Volume 20, Number 1, March 2014
Copyright © 2014 Society for Music Theory
Introduction to the MTO Nancarrow Symposium
 This MTO Symposium on the Music of Conlon Nancarrow grew out of an online symposium held September 27–October 27, 2012 in honor of Nancarrow’s centennial. From the start of the planning for the event, Daphne Leong (Program Committee Chair) and I hoped MTO would be a partner. We are very pleased now to present this collection of articles to the readers of MTO.(1) They represent the four main branches of current work on Nancarrow: arranging his music for performers, adapting it to contemporary technology, analyzing the scores, and researching his life history.
 Half of the presenters in the symposium participated in two major international events honoring Nancarrow in 2012, first at the The Music of Conlon Nancarrow: Impossible Brilliance conference held in April at London’s Southbank Centre. Dominic Murcott brought together an international group of Nancarrow experts including Charles Amirkhanian, Felix Meyer, Kyle Gann, Trimpin, Rex Lawson, Wolgang Heisig, and Yoko Sugiura-Nancarrow to discuss and perform Nancarrow’s music. The complete Studies for player piano were played on an authentic instrument along with performances by the London Sinfonieta. In November most of the same group gathered for the Nancarrow at 100: A Centennial Celebration organized by Charles Amirkhanian in Berkeley, California along with Peter Garland, David “Mako” Nancarrow (son), and the Bugallo-Williams piano duo. This event will likely go down in history as the greatest gathering of Nancarrow cognoscenti. Audience members included Bob Shumaker (the engineer for Nancarrow’s recordings), Mary Oppen (a longtime friend), Eva Soltes (Nancarrow’s manager), and Luis Stephens (Nancarrow’s stepson). Recordings of most of the events are available online due to the generosity of radiom.org.
 Helena Bugallo and Amy Williams have achieved acclaim for their performances and two CDs of arrangements of works by Nancarrow. Bugallo’s contributions as a Nancarrow scholar are represented in this issue in “Harmonic and Non-Harmonic Temporal Structures in Nancarrow’s Study No. 47 for Player Piano,” which includes a critical score and rhythmic analysis for a piece that has only previously been available on recordings.
 Clifton Callender’s “Performing the Irrational: Paul Usher’s Arrangement of Nancarrow’s Study No. 33” explores compositional, mathematical, and performance issues involved in the approximation of irrational rhythms. Callender concludes with a close study of the Arditti Quartet’s remarkable performance of Study No. 33, in Usher’s arrangement.
 Dominic Murcott’s “Tomorrow’s Music on Yesterday’s Machines” surveys the many ways the Studies have been presented in recordings, and explores the artistic and practical questions that arose while preparing the comprehensive series of concerts for the “Impossible Brilliance” festival.
 Julie Nemire builds on Thomas’s and Gann’s work to provide a comprehensive study of convergence points; the article is “Convergence Points in Conlon Nancarrow’s Tempo Canons.” She concludes with an in-depth analysis of Study No. 27, which features geometric acceleration in eleven four-voice canons.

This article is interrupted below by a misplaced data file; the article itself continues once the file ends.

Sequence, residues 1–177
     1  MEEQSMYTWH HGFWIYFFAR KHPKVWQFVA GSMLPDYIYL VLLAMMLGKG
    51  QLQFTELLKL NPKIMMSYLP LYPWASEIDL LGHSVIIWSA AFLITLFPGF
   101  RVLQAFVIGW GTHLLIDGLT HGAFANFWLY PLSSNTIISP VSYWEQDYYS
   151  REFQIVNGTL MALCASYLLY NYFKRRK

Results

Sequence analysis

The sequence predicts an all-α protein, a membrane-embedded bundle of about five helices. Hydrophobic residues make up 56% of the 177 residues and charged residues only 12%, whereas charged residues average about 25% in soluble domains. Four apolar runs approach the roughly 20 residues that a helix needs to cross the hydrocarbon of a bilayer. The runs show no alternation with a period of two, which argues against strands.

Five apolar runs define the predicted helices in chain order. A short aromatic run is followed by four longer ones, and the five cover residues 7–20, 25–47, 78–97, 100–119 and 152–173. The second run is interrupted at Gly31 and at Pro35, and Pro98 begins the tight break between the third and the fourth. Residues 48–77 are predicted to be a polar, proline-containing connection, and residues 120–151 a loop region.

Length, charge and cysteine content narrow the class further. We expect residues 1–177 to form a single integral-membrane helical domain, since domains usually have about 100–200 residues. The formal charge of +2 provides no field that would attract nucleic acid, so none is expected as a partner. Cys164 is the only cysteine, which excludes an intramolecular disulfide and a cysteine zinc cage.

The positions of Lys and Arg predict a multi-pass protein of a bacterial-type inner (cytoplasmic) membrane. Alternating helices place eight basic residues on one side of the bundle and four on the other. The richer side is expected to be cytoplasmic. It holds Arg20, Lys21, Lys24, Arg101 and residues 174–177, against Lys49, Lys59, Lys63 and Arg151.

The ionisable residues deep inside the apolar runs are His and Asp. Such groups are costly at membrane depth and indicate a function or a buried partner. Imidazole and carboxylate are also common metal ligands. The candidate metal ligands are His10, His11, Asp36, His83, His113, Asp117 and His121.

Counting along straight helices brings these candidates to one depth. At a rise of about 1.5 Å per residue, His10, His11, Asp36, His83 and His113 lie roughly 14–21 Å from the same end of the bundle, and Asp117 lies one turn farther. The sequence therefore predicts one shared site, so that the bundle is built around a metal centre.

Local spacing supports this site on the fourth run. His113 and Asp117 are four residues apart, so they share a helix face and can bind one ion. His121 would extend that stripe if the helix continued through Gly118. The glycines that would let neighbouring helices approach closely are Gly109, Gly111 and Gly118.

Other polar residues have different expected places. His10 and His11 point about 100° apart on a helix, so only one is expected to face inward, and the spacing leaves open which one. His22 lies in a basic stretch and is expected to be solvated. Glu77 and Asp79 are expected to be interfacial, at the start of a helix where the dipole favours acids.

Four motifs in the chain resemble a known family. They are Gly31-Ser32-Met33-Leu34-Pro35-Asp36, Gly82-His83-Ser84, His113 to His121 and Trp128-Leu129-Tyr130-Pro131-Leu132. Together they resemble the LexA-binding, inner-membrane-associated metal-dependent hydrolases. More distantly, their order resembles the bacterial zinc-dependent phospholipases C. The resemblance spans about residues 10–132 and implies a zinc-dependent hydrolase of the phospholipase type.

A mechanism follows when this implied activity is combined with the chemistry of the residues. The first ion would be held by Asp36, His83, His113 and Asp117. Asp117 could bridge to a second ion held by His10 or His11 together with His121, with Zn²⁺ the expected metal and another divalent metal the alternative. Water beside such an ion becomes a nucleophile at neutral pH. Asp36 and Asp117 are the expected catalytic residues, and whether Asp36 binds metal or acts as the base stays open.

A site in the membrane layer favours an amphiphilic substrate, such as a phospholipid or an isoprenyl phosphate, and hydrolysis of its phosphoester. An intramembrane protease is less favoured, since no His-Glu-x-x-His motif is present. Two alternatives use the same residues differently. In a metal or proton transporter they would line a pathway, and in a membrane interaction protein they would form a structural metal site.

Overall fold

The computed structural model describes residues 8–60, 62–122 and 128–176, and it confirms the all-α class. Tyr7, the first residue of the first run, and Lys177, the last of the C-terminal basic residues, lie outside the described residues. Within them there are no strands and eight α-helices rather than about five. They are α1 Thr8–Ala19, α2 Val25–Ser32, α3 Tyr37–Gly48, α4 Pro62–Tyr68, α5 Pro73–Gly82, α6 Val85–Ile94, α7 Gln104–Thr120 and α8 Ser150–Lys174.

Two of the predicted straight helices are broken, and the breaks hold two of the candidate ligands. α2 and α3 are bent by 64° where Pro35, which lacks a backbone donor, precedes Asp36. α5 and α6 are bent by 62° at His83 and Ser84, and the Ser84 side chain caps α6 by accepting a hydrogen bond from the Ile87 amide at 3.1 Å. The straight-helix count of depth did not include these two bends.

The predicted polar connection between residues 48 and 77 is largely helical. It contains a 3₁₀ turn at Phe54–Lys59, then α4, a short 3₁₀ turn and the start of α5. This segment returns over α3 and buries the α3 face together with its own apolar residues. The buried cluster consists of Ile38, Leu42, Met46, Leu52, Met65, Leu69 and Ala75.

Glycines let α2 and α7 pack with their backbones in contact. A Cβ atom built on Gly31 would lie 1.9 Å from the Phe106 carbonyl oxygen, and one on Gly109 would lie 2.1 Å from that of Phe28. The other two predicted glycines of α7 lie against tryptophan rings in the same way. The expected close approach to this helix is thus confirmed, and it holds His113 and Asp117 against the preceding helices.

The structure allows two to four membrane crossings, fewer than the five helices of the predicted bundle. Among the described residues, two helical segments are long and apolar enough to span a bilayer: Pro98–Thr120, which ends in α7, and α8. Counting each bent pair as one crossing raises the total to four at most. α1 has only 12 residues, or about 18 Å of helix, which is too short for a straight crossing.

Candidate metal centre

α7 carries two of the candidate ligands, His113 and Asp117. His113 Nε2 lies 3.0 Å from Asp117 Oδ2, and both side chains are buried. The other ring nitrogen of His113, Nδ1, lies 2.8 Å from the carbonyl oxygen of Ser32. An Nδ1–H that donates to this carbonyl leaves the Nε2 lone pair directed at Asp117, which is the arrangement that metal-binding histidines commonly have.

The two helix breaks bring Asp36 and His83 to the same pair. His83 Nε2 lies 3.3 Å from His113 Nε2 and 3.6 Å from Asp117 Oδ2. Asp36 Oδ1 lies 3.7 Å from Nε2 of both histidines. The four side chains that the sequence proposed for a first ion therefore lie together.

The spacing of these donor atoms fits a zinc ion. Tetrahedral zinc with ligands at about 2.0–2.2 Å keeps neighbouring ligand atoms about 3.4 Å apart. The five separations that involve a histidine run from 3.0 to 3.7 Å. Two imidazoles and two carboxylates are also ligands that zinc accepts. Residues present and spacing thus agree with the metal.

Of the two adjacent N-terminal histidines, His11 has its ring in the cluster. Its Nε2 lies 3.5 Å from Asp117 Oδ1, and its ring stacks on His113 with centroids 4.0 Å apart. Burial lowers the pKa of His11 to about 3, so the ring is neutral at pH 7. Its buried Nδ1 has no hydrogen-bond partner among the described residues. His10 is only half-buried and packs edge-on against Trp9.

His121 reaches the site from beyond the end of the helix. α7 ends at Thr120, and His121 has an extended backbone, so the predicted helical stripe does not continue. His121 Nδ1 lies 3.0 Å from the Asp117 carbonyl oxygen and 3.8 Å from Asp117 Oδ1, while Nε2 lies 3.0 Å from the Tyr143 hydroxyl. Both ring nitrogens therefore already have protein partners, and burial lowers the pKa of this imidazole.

Margaret Thomas explores new ground in “Conlon Nancarrow, ‘Hot’ Jazz, and the principle of Collective Improvisation.” Nancarrow’s activity in his early years as a jazz trumpeter is well known. Thomas proposes a shared musical aesthetic between Nancarrow’s Studies and the collective improvisation of the early jazz that he enjoyed listening to.
 The challenge made to a listener’s ability to disentangle multiple voices, whether it happens in collective improvisation or Nancarrow’s dense polyphonic textures is considered further in my paper, “The Editing and Arrangement of Conlon Nancarrow’s Studies for Disklavier and Synthesizer,” along with an explanation of how information encoded on player piano rolls can be interpreted with MIDI systems.
 Jürgen Hocker spent many years restoring a suitable piano on which to perform Nancarrow’s Studies in concert, and then touring Europe with the composer. Hocker’s book, Encounters With Nancarrow, is reviewed here—a work intended for a general audience that is full of anecdotes and background information. While it is of more interest to music historians than theorists, it remains an important resource for those interested in Nancarrow and his music.
 I count myself lucky to have spent a few hours with Nancarrow in 1986. Kyle Gann got to know him better while doing research for his definitive book, The Music of Conlon Nancarrow (1995). “Outside the Feedback Loop: A Nancarrow Keynote Address” gives us some feeling for Nancarrow’s personal qualities and attitudes as a composer. It reflects on a life of composing for oneself, requiring no other listener, and the effect the intensity of Nancarrow’s private experience had on his music.
 A list of resources on Nancarrow, including recordings, scores, videos, interviews, books, articles, dissertations, and websites, can be found on the resources section of the conlonnancarrow.org site.
Gann, Kyle. 1995. The Music of Conlon Nancarrow. Cambridge: Cambridge University Press.
1. I appreciate the journal’s support in the review process. Dora Hanninen (MTO editorial member and Program Committee member for the symposium) assisted with the initial selection of papers and Yonatan Malin (MTO editor) and Karen Bottge (MTO associate editor) provided input throughout.
I appreciate the journal’s support in the review process. Dora Hanninen (MTO editorial member and Program Committee member for the symposium) assisted with the initial selection of papers and Yonatan Malin (MTO editor) and Karen Bottge (MTO associate editor) provided input throughout.
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